Published by Simon & Schuster
Publication date: March 4th 2014
Beauty is Frederick Dillen’s new novel and in it we meet Carol McLean, who spent her teen years helping neighborhood boys find parts for their beat-up cars but grows up to work for a private equity firm that buys companies only to sell their parts. She is the go-to person for these company shut downs, known as an undertaker, for coming in and laying off all staff and management and selling the remains for cash. While not the most glamorous job it’s what she’s good at and she has extracted a promise from one of the partners that after completing her current deal she will be exiting the firm to run her own company. It is a shock then, when she gets a call halfway through this final closure and is informed that she is being replaced and that there will be no company of her own. She has been sold out by the money men who have brought in someone younger and cheaper to do her job.
It’s at this point that Carol looks at Elizabeth Seafood Products and once she sees past the financial oddities senior management has created to line their pockets she decides that not only does it have an intrinsic value but that with her guidance she can run it and make it profitable. From that point on, Dillen’s plot percolates with Carol trying to convince the factory workers, fisherman, and townspeople that her idea is a good one for all of them. If one of the fishermen happens to be somewhat intriguing and shows an interest in Carol, even better. It’s a bit of seasoning to a story that features a strong, mature woman who’s been called the Beast for her skills at shutting things down but may now be perceived as a beauty.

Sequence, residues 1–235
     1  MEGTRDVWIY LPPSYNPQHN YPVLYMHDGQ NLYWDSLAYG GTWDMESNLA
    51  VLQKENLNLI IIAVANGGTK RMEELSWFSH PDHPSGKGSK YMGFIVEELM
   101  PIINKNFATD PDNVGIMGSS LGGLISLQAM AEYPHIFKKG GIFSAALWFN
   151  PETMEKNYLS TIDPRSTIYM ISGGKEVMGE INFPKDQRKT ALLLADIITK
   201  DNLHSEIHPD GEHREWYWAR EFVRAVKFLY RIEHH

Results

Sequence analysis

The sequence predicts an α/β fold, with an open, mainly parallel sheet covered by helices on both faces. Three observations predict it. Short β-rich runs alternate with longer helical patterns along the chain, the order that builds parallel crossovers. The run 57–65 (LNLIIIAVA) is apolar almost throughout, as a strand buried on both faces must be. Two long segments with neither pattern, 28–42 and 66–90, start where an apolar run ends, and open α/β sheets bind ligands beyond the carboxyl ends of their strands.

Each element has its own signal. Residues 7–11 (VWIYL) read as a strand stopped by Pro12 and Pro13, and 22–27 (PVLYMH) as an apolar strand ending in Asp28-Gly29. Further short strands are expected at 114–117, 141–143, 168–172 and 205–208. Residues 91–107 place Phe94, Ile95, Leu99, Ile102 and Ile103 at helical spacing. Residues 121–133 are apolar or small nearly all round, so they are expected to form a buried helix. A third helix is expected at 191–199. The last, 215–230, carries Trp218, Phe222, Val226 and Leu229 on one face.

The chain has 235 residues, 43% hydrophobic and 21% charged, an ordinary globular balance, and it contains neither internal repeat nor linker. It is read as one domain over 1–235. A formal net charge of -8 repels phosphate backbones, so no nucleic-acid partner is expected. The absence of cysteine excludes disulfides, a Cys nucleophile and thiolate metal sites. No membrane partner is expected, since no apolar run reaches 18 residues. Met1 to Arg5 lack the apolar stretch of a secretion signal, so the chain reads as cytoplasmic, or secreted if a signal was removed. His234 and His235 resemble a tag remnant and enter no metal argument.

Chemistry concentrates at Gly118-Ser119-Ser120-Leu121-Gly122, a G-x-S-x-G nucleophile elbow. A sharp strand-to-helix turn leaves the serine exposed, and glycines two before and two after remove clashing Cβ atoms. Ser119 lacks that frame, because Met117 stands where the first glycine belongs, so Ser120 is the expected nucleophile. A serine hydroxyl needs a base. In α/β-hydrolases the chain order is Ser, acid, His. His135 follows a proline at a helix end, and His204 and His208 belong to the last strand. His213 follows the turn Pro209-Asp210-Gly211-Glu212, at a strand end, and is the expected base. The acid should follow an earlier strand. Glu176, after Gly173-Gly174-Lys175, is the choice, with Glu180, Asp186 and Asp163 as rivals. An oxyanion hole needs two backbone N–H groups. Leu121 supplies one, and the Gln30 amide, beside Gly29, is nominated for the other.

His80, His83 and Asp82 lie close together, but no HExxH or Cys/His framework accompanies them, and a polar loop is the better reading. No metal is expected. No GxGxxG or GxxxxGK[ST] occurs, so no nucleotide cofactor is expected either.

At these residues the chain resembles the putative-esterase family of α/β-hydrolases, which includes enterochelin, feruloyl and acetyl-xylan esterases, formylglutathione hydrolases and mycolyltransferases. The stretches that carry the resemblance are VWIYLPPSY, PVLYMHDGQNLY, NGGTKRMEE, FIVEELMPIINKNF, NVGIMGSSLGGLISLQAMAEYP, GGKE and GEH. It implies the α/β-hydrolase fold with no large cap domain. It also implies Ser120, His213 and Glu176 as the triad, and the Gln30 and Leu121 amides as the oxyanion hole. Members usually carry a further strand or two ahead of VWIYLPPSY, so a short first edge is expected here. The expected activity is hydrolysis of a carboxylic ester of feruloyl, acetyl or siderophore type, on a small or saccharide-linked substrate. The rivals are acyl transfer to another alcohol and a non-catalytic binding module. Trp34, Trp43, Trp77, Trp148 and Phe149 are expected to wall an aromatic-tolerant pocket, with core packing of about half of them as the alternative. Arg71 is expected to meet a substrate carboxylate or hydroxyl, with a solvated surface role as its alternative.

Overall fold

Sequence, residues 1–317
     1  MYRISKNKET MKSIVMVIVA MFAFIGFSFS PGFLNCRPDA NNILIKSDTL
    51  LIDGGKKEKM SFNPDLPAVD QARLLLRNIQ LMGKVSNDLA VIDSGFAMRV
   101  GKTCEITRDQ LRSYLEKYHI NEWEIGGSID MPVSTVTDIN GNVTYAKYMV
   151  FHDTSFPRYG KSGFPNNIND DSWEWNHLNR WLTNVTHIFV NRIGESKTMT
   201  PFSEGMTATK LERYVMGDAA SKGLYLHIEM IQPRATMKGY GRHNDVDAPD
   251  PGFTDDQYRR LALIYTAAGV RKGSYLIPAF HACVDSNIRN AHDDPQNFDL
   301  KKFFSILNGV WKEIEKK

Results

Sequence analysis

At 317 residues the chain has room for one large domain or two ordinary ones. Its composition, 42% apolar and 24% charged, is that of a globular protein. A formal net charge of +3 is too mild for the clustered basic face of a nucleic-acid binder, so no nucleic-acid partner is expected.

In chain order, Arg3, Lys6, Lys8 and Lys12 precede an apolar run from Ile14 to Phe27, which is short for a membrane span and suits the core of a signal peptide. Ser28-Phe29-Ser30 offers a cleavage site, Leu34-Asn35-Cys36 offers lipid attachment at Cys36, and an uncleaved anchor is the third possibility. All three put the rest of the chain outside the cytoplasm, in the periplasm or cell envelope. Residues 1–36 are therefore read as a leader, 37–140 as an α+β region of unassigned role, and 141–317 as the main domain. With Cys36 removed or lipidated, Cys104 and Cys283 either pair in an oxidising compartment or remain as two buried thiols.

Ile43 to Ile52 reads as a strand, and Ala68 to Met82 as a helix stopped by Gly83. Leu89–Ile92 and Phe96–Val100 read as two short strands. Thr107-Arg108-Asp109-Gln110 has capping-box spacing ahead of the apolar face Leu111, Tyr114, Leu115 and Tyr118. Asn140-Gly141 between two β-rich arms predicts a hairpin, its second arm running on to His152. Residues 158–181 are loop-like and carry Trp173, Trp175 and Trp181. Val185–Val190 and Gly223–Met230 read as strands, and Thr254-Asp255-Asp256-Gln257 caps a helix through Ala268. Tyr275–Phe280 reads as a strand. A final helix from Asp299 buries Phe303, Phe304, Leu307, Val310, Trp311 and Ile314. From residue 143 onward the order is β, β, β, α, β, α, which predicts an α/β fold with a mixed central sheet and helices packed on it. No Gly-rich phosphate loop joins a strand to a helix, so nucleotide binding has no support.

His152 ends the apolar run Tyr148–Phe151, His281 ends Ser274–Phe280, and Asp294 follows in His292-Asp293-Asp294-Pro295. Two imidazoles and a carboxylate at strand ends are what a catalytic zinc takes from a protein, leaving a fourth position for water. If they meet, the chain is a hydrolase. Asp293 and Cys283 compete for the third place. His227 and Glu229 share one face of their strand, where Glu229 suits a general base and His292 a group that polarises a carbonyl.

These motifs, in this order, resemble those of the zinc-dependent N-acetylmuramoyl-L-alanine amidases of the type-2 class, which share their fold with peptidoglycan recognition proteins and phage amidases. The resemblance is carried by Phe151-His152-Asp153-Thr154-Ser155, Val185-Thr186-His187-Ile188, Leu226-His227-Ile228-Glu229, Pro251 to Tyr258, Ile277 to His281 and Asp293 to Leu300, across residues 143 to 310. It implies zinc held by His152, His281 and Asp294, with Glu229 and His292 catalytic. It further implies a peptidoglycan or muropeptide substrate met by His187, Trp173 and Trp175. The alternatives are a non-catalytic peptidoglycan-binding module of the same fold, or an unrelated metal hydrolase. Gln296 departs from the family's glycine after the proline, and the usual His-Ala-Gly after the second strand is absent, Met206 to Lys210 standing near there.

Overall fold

She got where she got by facing up to who she was and what that meant about how much harder she had to work and how much longer she had to keep going and how much less she had to hope for even when she was hoping for everything.
Beauty is an old-fashioned feel good story and for someone who has questioned where all the good middle-aged women in fiction have gone, it is a fun read. The hook (no pun intended) is straightforward: hardworking people of a certain age falling by the wayside in an economy that’s looking for young and cheap. For those of us in the seasoned employee years this kind of story reads well. It may not be chock full of surprises but Dillen creates a cast and plot the reader can invest in.